A tapestry showing 12th-century German abbess St. Hildegard of Bingen hangs from the facade of St. Peter's Basilica prior to the opening Mass of the Synod of Bishops for the new evangelization in St. Peter's Square Oct. 7, 2012, at the Vatican. (CNS/Paul Haring)
St. Hildegard of Bingen was a German mystic, visionary, prophetess, Benedictine abbess, and consecrated virgin in the 12th century. Recognizing her holiness of life as well as originality of works, Pope Benedict XVI proclaimed her a doctor of the church on Oct. 7, 2012. Surrounded by damp green forests of the Rhineland, this amazing woman was inspired to see God's "living power of light" in all creation and named it viriditas (in Latin).
When I was doing doctoral research on spiritual guidance and formation according to her mystical theology of viriditas, I could see the influence of this medieval theme on spiritual masters like Sts. Francis of Assisi, Ignatius of Loyola, Francis de Sales, John of the Cross, and others in Europe who came after her. That's why, it struck me that her spirituality could enhance discernment methods currently in use by vocation directors and spiritual guides in religious institutes even though they have diverse charisms and spiritual backgrounds.
The prophetess was a well-known physician who was seen as progressive and much ahead of her times. The Rule of Saint Benedict and the consecration of virgins profoundly impacted her spirituality. Bishops, priests, nuns, monks and political leaders didn't hesitate to seek her guidance on matters of concern. She has left us several volumes of wisdom and insight into numerous topics like health care, liturgical music, drama on virtues, and gospel homilies. What was extraordinary about her theological compositions and spirituality of viriditas, to make them relevant for all times — and enabling her as an abbess to be astonishingly creative in her consecrated life and mission? How did she relate it to her ministry? How could it aid discernment in the vocation ministry today?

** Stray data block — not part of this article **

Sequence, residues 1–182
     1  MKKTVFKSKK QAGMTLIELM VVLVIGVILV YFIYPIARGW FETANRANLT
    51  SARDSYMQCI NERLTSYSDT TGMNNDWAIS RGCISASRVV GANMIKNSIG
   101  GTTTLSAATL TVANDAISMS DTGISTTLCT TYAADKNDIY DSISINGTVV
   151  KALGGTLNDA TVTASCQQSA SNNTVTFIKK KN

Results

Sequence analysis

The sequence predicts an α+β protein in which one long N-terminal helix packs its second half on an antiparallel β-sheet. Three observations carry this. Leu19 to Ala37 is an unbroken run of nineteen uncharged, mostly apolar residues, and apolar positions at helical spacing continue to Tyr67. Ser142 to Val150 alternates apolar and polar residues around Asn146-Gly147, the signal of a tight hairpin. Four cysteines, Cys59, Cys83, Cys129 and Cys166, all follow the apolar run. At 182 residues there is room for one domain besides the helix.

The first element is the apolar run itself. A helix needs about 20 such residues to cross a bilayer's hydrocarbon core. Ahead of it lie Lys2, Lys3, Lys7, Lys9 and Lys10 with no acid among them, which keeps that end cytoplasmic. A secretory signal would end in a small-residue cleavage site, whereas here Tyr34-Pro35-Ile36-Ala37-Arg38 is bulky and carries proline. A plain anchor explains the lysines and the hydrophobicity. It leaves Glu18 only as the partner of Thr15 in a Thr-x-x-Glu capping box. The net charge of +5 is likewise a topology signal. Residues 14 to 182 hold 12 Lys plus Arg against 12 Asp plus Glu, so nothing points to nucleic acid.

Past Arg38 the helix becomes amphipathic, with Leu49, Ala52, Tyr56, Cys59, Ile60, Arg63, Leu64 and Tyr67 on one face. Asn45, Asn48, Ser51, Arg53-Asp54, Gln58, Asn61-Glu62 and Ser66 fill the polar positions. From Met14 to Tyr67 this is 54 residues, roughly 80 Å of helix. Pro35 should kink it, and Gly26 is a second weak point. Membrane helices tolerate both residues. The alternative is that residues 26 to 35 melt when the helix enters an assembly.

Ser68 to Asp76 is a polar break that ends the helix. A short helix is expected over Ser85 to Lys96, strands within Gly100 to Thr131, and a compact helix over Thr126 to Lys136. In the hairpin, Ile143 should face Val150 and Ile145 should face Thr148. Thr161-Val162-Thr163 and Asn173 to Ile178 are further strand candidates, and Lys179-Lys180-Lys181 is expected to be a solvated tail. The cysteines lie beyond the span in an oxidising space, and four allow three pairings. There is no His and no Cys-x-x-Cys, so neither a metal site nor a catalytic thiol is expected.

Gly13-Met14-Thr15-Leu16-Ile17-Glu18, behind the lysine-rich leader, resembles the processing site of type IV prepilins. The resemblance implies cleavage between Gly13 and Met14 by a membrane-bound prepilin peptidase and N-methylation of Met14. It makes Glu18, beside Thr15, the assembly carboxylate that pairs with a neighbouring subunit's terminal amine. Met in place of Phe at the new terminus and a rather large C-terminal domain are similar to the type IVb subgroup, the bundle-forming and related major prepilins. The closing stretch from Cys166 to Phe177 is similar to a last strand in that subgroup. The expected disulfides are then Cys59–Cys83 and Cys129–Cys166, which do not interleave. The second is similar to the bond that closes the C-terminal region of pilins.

Viriditas as a key to discernment
St. Hildegard was deep and non-dualist in her perceptions. She had an "theandrocosmic" ecology of life implying dialogue between God, humanity and the cosmos. Like software shaping her vision, the motif of viriditas developed into a robust spirituality and infused her monastic ora et labora or "prayer and work" with vibrancy through and through. The concept was drawn from her meditations on Scripture and writings of the Fathers of the Church. Very difficult to translate into English, it could have several nuances, such as greenness, healing power, vitality, progressive thrust, fruitfulness of celibate chastity, evolution, new creation, freshness and desire for more in God's service.
The mystic seems to have penetrated the depths of viriditas according to her familiarity with the four senses of Scripture: literal, allegorical, moral, and mystical. Even if taken literally, viriditas can neither be reduced to the greenness of ecology nor is it a medieval term for chlorophyll. Instead, it's the feminine aspect of God as creator, denoting freshness, fertility and growth in the spiritual life. Moreover, St. Hildegard describes greenness as growth in monastic life, making it an exegesis of the Gospel. Let me share newer insights developed from my meditations of this word in Scripture to make it relevant for the present-day American context.
Even if taken literally, viriditas can neither be reduced to the greenness of ecology nor is it a medieval term for chlorophyll. Instead, it's the feminine aspect of God as creator, denoting freshness, fertility and growth in the spiritual life.